Mike Nesbitt is the former leader of the UUP and is the current MLA for Strangford
How do you think you would react if you heard that a unionist leader – Robin Swann, or Arlene Foster, for example – was refusing to deal with the NHS waiting lists, or the funding crisis in our schools, unless everyone else agreed to an Ulster Scots Act? I know what my response would be and it wouldn’t be pretty.
Yet that’s what Sinn Féin are doing with their call for a stand-alone Irish Language Act. At a time when the people of Northern Ireland are craving political stability, enter Gerry Adams, the King of Chaos, the self-styled specialist in “agitational activities” – not my words, but his from his 1986 book The Politics of Irish Freedom.
For Gerry Adams, agitation means that issues are not issues for their own sake, but instruments to use like sticks to beat your opponent with. The Irish Language is but the latest in a long list. For example, in 1997 he talked of “scene changes that we have to focus on and develop and exploit”. Sinn Féin thrive on being opportunistic, always seeking to exploit a situation with the aim of furthering the Republican cause.
Almost three years ago Gerry Adams made one of the most telling comments about the current republican strategy. It came during a party meeting in Enniskillen that ended in much public derision for the Sinn Féin President after he swore during the rant.
But most worthy of attention was his claim that “the Trojan horse of the entire republican strategy is to reach out to people on the basis of equality.”
The original Trojan horse, of course, was a weapon of war dressed up as a gift and embraced by an unsuspecting enemy to their ultimate ruin.
At the time, his remarks were brushed off by Sinn Féin representatives as simply being a demonstration of the Republican commitment to equality. However, given Adams’ history, it would be foolish not to view it as another candid moment, just like his boast that protests against loyal order parades didn’t just happen but were the product of years of planning for agitation – bonfires are clearly next on the list.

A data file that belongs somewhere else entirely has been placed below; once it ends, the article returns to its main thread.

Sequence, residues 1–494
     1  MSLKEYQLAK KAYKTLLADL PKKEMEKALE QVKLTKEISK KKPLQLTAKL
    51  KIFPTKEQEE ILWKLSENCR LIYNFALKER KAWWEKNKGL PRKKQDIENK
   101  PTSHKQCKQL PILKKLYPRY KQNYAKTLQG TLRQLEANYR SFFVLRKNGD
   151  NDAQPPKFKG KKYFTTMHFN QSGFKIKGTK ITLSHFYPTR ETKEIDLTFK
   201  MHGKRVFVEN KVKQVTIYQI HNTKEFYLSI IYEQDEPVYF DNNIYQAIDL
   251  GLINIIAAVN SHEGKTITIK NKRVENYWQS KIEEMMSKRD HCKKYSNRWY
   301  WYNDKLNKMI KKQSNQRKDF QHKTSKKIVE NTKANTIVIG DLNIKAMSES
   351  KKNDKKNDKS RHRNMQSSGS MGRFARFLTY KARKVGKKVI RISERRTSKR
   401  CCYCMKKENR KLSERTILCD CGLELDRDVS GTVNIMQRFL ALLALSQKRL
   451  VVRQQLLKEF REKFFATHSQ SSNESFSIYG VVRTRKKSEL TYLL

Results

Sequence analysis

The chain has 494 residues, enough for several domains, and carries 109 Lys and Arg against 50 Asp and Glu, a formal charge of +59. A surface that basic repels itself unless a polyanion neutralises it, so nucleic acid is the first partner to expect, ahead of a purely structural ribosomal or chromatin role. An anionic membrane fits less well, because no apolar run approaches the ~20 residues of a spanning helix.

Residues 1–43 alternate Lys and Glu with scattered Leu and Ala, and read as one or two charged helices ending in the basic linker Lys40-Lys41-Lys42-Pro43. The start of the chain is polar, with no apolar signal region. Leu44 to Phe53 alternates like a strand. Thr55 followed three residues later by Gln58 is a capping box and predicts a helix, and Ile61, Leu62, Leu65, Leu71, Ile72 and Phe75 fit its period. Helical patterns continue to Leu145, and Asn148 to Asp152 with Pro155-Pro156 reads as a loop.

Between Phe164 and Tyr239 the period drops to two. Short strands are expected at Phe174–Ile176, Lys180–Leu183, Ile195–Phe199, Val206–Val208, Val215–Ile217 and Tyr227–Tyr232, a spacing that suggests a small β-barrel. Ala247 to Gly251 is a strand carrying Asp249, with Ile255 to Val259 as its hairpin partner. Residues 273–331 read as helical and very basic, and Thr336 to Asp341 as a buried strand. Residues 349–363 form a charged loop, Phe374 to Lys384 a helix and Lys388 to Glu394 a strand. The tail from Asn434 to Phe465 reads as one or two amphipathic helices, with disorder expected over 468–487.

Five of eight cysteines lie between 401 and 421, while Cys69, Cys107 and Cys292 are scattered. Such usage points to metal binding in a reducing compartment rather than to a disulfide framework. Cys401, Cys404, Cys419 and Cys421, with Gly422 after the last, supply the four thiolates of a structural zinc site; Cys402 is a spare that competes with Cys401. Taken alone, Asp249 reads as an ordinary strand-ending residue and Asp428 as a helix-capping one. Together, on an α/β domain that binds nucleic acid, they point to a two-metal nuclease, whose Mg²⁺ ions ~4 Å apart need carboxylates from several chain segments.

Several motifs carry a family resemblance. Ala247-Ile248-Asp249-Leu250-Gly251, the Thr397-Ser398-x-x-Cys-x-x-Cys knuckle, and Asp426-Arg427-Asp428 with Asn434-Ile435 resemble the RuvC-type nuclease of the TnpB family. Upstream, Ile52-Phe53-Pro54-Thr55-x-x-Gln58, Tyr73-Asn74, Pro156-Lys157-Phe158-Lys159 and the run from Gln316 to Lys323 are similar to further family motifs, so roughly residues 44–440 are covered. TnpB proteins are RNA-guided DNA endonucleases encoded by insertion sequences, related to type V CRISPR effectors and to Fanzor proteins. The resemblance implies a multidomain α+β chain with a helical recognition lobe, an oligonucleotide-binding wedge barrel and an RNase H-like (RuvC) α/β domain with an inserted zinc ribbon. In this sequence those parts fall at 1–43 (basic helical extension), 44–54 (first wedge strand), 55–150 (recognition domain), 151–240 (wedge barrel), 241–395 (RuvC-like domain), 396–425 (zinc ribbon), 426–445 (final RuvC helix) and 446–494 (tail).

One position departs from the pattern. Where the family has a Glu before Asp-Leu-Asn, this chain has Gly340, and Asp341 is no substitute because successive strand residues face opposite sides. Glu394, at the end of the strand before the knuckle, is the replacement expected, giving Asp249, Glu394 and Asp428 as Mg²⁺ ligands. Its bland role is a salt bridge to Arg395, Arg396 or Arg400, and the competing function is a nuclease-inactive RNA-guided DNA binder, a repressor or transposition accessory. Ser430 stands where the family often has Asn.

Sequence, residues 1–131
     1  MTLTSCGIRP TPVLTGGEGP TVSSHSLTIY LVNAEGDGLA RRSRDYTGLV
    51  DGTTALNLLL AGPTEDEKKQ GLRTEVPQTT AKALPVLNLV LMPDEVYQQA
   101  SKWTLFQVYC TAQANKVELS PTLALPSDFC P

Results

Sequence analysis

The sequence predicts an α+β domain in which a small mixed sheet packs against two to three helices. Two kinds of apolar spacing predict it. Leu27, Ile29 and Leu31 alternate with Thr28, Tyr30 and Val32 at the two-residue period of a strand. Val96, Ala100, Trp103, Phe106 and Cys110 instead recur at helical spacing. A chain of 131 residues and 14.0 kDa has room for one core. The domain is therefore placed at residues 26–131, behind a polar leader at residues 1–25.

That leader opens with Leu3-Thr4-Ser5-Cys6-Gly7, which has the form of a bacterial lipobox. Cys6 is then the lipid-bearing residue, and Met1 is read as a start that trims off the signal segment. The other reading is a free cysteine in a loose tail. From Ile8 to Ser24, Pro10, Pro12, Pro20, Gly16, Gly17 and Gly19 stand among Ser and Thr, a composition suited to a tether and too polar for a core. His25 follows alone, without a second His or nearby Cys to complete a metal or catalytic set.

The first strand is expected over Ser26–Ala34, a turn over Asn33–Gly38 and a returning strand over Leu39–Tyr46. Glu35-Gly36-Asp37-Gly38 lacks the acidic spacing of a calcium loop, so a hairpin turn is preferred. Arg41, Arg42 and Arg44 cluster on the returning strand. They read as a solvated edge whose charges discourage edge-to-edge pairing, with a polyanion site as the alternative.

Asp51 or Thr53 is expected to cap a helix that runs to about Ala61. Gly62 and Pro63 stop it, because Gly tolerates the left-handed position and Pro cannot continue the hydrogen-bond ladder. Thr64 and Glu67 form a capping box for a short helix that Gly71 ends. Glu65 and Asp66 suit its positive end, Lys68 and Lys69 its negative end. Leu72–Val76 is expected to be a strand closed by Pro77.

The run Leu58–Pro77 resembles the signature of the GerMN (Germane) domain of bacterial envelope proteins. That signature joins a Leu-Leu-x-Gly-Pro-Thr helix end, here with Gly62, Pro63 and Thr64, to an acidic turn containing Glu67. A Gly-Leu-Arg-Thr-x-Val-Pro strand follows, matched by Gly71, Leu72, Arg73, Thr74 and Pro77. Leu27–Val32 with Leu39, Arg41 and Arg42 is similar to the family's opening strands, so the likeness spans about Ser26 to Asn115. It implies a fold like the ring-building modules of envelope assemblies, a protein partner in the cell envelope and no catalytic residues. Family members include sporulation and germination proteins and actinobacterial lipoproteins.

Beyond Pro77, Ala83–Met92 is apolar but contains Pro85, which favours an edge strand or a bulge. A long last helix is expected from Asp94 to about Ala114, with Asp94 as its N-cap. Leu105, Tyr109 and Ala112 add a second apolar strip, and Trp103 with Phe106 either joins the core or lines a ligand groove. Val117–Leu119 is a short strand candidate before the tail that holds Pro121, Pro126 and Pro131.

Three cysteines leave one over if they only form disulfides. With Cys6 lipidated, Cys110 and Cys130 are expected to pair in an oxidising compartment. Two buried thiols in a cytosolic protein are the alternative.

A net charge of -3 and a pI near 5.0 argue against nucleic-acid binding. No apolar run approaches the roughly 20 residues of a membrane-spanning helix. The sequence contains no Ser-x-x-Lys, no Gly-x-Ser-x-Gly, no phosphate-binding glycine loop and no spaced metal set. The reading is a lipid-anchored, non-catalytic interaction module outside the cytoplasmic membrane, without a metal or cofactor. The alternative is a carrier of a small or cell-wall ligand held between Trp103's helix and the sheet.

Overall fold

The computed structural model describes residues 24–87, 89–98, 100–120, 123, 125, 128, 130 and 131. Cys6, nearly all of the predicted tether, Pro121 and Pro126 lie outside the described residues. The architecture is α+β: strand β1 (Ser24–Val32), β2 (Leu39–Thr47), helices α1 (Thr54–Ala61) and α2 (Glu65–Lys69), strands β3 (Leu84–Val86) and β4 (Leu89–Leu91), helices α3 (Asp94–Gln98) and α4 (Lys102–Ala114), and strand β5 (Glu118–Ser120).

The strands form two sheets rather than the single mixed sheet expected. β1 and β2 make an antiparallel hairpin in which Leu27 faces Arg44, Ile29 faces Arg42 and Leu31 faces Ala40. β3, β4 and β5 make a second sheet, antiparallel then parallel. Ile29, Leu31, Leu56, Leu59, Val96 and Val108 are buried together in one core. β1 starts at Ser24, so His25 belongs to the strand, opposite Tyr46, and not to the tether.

Over the last eighteen months Sinn Fein rhetoric around “equality” and a “rights based approach” has gone into overdrive. At the same time, a parallel campaign has stepped up as Sinn Fein increasingly try to pit “unionism” against everyone else.
This is not only self-serving manipulation but also a total perversion of societal attitudes in Northern Ireland. The attempt to style themselves as the defenders of minority rights is a shallow attempt to cover up for their stuttering political project. Issues around rights and equality are increasingly being used by Sinn Féin as no more than proxy wars against unionism.
Their abject failure up to now to convince the wider population of the benefits of a united Ireland means Adams must continue to agitate, thus denying the majority from both traditions the stability they crave in the political landscape. That broader society in Northern Ireland can see the contradiction of a party preaching rights on one hand while attending commemorations for a terrorist organisation that was responsible for gross human rights abuses against the population of this country for decades.
There are uncomfortable truths for Irish Republicans who demand the implementation of previous agreements, because those agreements were clear in separating identity from sovereignty. Yet Sinn Féin deliberately confuse and conflate the two, hence Michelle O’Neill’s false statement in Manchester last week that Northern Ireland isn’t British. It is! It’s Michelle who isn’t British and unionists accepted her right to define her own identity in 1998, just as she signed up to the constitutional status of Northern Ireland. But of course, Sinn Féin cannot even bring themselves to call the country by its proper name, an act of deep disrespect.
It goes much deeper than that. Sinn Féin want an Irish Language Act, pointing to existing language acts in Wales and Scotland and accusing unionists of double standards. Unionists must point out that nationalists in Wales and Scotland can still offer the respect of taking their seats in Parliament while arguing for an end to Westminster’s influence on their country – and all the rest. Sinn Féin’s policy is firmly in line with Boris Johnston’s “have cake, eat cake” remarks about Brexit.
There is, however, a challenge for unionism in how to respond to this. For me it is clear that we must demand and defend equality and the protection of human rights for both ourselves and others, not as a means to an end, but because it is the right thing to do. The issue must be the issue, not an implement for agitation.
The future of Northern Ireland will depend on us being a fair and equal society that offers respect for all citizens. I know that unionists can offer this.
Republicans often take a stance in a hope of provoking a knee-jerk reaction from unionism. Sadly, history shows they have a more than even chance of getting one. We must learn to resist the agitation of those who simply view equality as a tool to impose their ideology and take ownership of the values that will secure a fair future for all.